Some think that substitute products represent a tremendous threat to our industry. To the contrary, this marketing problem represents profit potential for all companies in the glass industry. We know that revenues for companies in other building material segments are in the multi billions of dollars. The possibility of increasing market share at the expense of substitute products represents opportunity for the future. From this standpoint, the potential for glass products from a marketing point of view is huge. The question is how can we implement a plan to capture this potential?
Capturing market share from substitute products in the future may require a paradigm shift and change in business strategies. Successful companies of the twenty-first century will not necessarily be the same as those that were successful during the twentieth century. Different competencies may be required in the years to come. Whether or not we turn these opportunities into reality in the new millennium may be determined by a few, very important competencies.
The first competency required to achieve this objective may be your willingness to embrace change in the future. Change is good and can be used as a competitive weapon. Challenge yourself and fellow employees to look at your business and potential markets differently. Who or what is the real competition? Are substitute products a form of competition? Can we enhance consumer awareness for our glass products in order to get a higher percentage of spending for the home or workplace?
The second competency required might be the speed in which you make positive change happen. The speed of decision-making and execution can be a differentiating point. Who will capture the opportunity first? Are we competitive in terms of the speed of product or marketing introduction? Why are other industries perceived to be more sophisticated than we are? Is it time to change this problem or perception?
Lastly and most importantly, it may be impossible to implement the first or second competency effectively without good people. The best leaders of tomorrow will be change agents. Therefore, the importance of our employees to the glass industry in the years to come will be elevated to a new plane. Quality employees will be the most important investment that we make.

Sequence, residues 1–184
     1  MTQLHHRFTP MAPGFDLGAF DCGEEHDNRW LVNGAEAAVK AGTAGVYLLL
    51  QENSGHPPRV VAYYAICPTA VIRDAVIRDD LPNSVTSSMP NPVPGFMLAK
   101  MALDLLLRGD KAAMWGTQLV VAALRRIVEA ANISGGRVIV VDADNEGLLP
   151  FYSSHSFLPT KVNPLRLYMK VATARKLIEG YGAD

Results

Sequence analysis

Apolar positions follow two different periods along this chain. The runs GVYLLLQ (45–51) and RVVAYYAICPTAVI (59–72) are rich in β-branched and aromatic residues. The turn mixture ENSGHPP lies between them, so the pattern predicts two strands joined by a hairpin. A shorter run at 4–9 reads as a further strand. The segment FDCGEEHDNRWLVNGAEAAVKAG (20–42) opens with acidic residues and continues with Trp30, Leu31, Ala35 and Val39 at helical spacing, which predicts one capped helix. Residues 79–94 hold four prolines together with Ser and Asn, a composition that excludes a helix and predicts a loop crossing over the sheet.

Opportunistic change, speed, and attributes of leadership can help to set our industry apart from the rest of the pack in the building material industry. We can create more opportunity for glass products if we are willing to make an investment into these disciplines. The mirror and glass industry has grown leaps and bounds during the twentieth century, and the new millennium is also full of promise.   

Tommy Huskey is the chairman, president, and chief executive officer of Gardner Glass Products, based in North Wilkesboro, NC.

TRENDS 2000 - DOORS AND DOOR HARDWARE

The “Middle” Man - Meeting Needs of the Hardware Customer

by Dan Alexander

Consider the following challenge as presented by a homeowner or architect: Create a 60-foot wide by 10-inch high opening that will provide a continuous flow between the indoor and outdoor living areas. Additionally, the opening will, at times, need to be closed off from the outdoor area with a tight weatherproof seal to protect the interior from the elements and to provide security for the inhabitants.
This kind of request is becoming increasingly popular as homeowners and architects search for opportunities to put their unique mark on a structure. Often they are seeking to capture a particular view and blend the indoor and outdoor environment, creating a free-flowing area between the two spaces. The challenge for window and door fabricators is to produce a series of large, operable sashes that may be in excess of 500 pounds—in essence, a wall of movable glass that provides unobstructed views.
In this example, producing the sash and frame probably will not create a major obstacle. Large sashes of wood, PVC, or aluminum are fabricated easily with the materials and equipment available today. Glass also is readily available and will not present any great challenge.
Creating the greatest obstacle will be the functional aspect. For this, the window and door fabricator will look to the hardware manufacturer for fittings to meet the operational challenge the homeowner/architect has presented.
To provide a solution that will meet all the requirements, the hardware manufacturer not only must consider the needs of the homeowner/architect, but also those of the fabricator. Typically, the needs of these two principals are mutually exclusive. Two possible solutions emerge. The fabricator might incorporate a mix of independent fittings designed and manufactured to perform functions similar to those required in this example. But the preferred solution would be a systems approach, meaning a system of hardware fittings designed and manufactured to perform a desired function.
Our example has several key elements that must be considered before hardware selections can be made:
• How easy will it be to move these large sashes to create the desired effect? Ideally, the hardware solution should allow the window wall to move with the pressure of a fingertip. Larger sashes, however, as in this example, which will exceed 500 pounds, have a direct effect on the weight, which directly affects operations. Typically, as the sash weight increases, the effort it takes to move the sash also increases. Thus, for ease of operation, the hardware system must overcome the effect of weight.